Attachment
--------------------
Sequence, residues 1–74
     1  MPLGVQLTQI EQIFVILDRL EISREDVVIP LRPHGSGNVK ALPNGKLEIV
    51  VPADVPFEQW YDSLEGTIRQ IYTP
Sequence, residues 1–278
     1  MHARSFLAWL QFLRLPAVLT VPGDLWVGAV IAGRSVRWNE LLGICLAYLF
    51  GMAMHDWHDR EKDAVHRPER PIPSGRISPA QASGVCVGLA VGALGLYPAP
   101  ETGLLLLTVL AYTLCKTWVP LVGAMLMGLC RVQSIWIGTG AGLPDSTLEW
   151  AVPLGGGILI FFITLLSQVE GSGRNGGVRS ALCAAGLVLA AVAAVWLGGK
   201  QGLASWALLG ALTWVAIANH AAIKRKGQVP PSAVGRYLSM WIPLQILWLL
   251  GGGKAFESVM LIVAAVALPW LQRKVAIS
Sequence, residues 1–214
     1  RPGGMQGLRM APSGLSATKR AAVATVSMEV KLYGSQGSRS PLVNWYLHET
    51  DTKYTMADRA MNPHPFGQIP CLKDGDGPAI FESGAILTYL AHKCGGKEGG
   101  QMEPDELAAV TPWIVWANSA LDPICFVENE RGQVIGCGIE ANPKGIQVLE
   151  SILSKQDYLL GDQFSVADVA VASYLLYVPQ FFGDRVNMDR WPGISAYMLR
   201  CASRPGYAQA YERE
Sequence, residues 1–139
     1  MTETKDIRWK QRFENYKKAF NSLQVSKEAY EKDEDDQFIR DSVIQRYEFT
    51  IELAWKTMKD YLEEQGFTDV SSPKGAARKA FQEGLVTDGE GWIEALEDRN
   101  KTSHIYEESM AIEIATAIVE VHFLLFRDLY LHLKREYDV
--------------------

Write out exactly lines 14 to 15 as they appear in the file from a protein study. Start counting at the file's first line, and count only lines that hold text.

   101  QMEPDELAAV TPWIVWANSA LDPICFVENE RGQVIGCGIE ANPKGIQVLE
   151  SILSKQDYLL GDQFSVADVA VASYLLYVPQ FFGDRVNMDR WPGISAYMLR